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Why Dunkirk tried, but failed, to save the city's J.C. Penney

Every meaningful piece of clothing Kathy Forster has ever bought has come from J.C. Penney in Dunkirk's D&F Plaza – her sons' baptism gowns, their communion suits, the shirt and tie her 18-year-old wore to his first job interview.

It's where Dehlia Wysocki of Cassadaga always turns first for clothes that suit her age. Now that it's closing, she's not sure what she'll do.

Pat Kalfas ran the store's personnel department for four decades. She can't bear the thought of losing the place that played such a big part in her life. And she's worried for all the good, hard-working employees she said are the best at what they do.

"Nobody does measurements like Ginny," Kalfas said, referring to another long-term employee. "If you want a good bra, you go see Ginny. Everybody knows that."

The Dunkirk J.C. Penney, which has served the Dunkirk and Fredonia communities since the 1930s, is one of 138 other locations across the country that will close this summer. It's a victim of a gutted middle-class clientele, the company's years of financial decline and a world that prefers to shop by clicking a button as opposed to browsing racks of clothing.

But Dunkirk isn't ready to let J.C. Penney go – or the memories that tie it to the community's more prosperous past. And it put up a fight, even as the last towels and khaki pants went on sale.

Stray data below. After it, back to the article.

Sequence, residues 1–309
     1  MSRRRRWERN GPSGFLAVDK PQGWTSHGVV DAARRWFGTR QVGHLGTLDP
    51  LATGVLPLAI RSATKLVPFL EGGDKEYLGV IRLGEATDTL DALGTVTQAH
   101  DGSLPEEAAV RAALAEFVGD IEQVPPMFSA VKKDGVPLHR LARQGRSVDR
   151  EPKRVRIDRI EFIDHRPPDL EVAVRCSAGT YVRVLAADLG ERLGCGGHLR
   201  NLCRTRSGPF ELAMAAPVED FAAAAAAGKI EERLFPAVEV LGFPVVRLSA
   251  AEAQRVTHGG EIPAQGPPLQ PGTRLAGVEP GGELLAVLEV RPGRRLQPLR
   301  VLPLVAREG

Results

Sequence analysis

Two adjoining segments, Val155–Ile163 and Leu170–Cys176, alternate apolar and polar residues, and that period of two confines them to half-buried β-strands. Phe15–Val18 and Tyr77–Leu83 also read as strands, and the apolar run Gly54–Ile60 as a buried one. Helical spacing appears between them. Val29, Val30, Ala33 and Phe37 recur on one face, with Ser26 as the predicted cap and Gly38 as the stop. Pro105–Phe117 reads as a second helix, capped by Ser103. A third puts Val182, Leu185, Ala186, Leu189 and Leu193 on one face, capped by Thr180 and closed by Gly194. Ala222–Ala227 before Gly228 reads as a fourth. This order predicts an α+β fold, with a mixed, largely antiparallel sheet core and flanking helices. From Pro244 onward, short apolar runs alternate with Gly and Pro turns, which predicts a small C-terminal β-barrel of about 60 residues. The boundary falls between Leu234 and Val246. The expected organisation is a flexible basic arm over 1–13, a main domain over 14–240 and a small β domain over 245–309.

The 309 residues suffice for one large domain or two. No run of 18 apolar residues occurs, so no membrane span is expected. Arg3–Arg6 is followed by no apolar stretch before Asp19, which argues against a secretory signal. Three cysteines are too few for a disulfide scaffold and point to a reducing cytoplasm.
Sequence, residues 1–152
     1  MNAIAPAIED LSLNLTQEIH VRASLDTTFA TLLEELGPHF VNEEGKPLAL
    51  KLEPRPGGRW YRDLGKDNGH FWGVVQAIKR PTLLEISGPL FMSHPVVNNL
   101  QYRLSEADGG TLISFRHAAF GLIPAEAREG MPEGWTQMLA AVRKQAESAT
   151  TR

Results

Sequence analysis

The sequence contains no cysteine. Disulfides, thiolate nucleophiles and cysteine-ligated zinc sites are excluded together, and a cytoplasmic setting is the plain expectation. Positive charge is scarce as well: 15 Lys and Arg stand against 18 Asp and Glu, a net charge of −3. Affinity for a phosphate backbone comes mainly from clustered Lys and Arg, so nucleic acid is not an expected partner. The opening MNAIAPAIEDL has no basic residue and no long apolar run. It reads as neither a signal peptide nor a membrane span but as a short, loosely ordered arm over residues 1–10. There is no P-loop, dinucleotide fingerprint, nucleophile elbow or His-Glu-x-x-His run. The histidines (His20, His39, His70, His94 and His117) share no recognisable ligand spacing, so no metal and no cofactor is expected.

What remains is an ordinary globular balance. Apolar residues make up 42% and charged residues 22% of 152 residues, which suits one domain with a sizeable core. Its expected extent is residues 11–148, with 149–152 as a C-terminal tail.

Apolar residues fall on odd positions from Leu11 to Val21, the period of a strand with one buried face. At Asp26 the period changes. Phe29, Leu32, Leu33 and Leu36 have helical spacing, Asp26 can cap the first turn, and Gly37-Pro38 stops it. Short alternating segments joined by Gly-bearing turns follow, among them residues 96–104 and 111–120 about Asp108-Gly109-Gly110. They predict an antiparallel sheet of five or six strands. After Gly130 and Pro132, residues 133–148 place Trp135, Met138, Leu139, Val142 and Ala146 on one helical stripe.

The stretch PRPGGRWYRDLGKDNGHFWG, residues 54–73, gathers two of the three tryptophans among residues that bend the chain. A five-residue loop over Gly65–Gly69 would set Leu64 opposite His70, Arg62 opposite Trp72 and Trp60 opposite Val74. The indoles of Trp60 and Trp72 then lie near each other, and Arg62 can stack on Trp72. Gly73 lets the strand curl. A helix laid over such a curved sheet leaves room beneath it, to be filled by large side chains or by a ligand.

Pat Kalfas in front of the soon-to-close J.C. Penney store in the D&F Plaza in Dunkirk. (Mark Mulville/Buffalo News)

Dunkirk's mayor contacted J.C. Penney's headquarters in Plano, Texas, to ask the company to reconsider eliminating the store. Residents circulated petitions, called and tweeted at the company's CEO and called on their local and state representatives to join the fight. In March, they held a rally outside the store that drew more than 100 people.

There are other clothing retailers in Dunkirk: T.J. Maxx, Peeble's, Maurice's, Walmart. But they're not Penney's, said Fredonia Trustee Kara Christina, who helped organize support for the store. Those other retailers are not the All-American department store that has been a mainstay in local families' lives for years.

"There's no one at Walmart to help fit your son for a suit for graduation or measure his neck and sleeves for a button-down shirt," she said.

The outpouring of support, however, was not enough. Though the store was profitable, it didn't fit into the company's plans.

In addition to performance, the company looked at local demographics, and the ability to adapt to the company's new focus on its new "omnichannel experience," said Joey Thomas, a J.C. Penney spokesman. That focus is on online order fulfillment, same-day pickup, exchanges and returns – all designed to compete in the cutthroat world of online commerce.

"Taking actions that directly impact our valued associates and loyal customers is difficult, but we'll go to great lengths to relocate esteemed leaders, while providing outplacement support services for those eligible associates who will be leaving the company," said Thomas, referring to the 5,000 workers affected by the decision to close the stores, including 24 employees in Dunkirk.

Once one of the country's most stable retailers, J.C. Penney has struggled for years alongside other middle-tier department stores such as Sears. Meanwhile, more and more cash-strapped Americans – facing stagnant wages and bleak job prospects – have flocked to discount retailers as mid-range stores struggled to find their footing.